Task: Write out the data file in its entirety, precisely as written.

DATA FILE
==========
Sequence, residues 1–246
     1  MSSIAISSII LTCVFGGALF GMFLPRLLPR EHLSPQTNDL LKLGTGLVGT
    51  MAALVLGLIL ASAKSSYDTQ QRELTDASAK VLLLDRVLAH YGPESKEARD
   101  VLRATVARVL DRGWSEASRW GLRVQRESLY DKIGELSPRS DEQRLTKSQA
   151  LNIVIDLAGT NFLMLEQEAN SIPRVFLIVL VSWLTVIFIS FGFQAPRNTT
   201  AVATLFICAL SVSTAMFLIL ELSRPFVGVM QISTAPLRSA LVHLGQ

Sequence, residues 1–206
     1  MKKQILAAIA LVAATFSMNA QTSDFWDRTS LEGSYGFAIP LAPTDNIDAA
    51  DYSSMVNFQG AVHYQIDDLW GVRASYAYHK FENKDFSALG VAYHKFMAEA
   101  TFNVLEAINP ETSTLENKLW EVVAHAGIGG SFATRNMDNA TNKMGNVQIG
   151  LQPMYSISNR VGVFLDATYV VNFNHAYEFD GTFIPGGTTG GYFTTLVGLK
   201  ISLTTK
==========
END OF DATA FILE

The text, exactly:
Sequence, residues 1–246
     1  MSSIAISSII LTCVFGGALF GMFLPRLLPR EHLSPQTNDL LKLGTGLVGT
    51  MAALVLGLIL ASAKSSYDTQ QRELTDASAK VLLLDRVLAH YGPESKEARD
   101  VLRATVARVL DRGWSEASRW GLRVQRESLY DKIGELSPRS DEQRLTKSQA
   151  LNIVIDLAGT NFLMLEQEAN SIPRVFLIVL VSWLTVIFIS FGFQAPRNTT
   201  AVATLFICAL SVSTAMFLIL ELSRPFVGVM QISTAPLRSA LVHLGQ

Sequence, residues 1–206
     1  MKKQILAAIA LVAATFSMNA QTSDFWDRTS LEGSYGFAIP LAPTDNIDAA
    51  DYSSMVNFQG AVHYQIDDLW GVRASYAYHK FENKDFSALG VAYHKFMAEA
   101  TFNVLEAINP ETSTLENKLW EVVAHAGIGG SFATRNMDNA TNKMGNVQIG
   151  LQPMYSISNR VGVFLDATYV VNFNHAYEFD GTFIPGGTTG GYFTTLVGLK
   201  ISLTTK